Brightly Colored Bitly Map Gets Users Lost

May 17, 2012

This brightly colored choropleth map from The Guardian tries to connect a region in the UK with its preferred news source in a simple interactive map.

The piece maps how links from are shared by showing the sites the short links reference and the locations where they were clicked. However, the map runs into some trouble with the coloration. The pallet is pulled from one commonly used by the Guardian and reflects the spectrum brand they’ve built for themselves but without the labels I'd guess this was a map of candy preference. There are just too many different colors for the human brain to accurately match throughout the map. The colors are easy enough to discern in the larger areas but the smaller portions of the map, especially around London, are extremely hard to read. The population is the most dense and diverse there so it seems like we’re missing a lot of rich data because of scale.

Color problems continue when you click into a particular news source and the chromatic scale changes dramatically. The dark to light values work fairly well but as you’ll see in the case of the economist, the colors can be confused with those still listed for other news sources in the sidebar. Additionally, where a lighter color, like yellow, was dominant on a section of the overall map, clicking into that news source changes the color of that area so that it’s now the darkest on the new map. The difference is momentarily confusing on first read and still takes a while to decode that you’re now supposed to pay attention to a color scale along the bottom.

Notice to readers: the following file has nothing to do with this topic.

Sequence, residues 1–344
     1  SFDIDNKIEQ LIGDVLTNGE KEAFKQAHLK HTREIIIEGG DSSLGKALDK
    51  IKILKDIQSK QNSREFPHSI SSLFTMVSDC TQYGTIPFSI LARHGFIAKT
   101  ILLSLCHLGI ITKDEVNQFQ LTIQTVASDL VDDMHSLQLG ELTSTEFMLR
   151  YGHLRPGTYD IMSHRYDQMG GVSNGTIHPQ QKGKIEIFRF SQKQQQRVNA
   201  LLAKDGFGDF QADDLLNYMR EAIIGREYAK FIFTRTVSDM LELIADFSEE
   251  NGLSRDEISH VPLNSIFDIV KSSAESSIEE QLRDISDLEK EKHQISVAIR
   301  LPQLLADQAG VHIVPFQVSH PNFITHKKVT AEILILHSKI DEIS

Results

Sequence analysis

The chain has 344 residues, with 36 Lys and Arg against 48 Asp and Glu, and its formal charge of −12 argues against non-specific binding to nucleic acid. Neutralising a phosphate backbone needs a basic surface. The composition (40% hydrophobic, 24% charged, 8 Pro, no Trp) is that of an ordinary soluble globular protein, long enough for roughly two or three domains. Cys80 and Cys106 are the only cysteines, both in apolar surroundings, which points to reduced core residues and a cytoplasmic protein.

The article accompanying this interactive notes that it was inspired by this similar bitly map of the US. I would say the map of the US is more effective (though rendered in even less pleasing colors).

It uses mostly the same strategies to show the data but it introduces you to the concept better. You still get a conglomerated overall view of the most popular source for each state but hovering over a news source isolates the corresponding map areas. It’s also easier to read because the sections of the map are larger and fewer in number which of course is just a factor of the geography.

What’s slightly less effective about this map is that the hover state distracts from the fact that you can click on the news sources to get a fully colored map of the US.

I would almost prefer it if this level of detail and granularity was missing from the piece. It raises more questions than it answers. Why is the Onion’s map not shaded darkest in the states where it’s featured on the overall view? How are the maps of news sources with asterisks (WSJ, Forbes, Bloomberg) shaded if they’re a representation of a different kind of data as the notation states?

Neither map really satisfies my curiosity about the distribution of news readership state by state and neither communicates the limited data effectively. Colors and maps are tricky elements to work with but both of these executions have gone off the trail.

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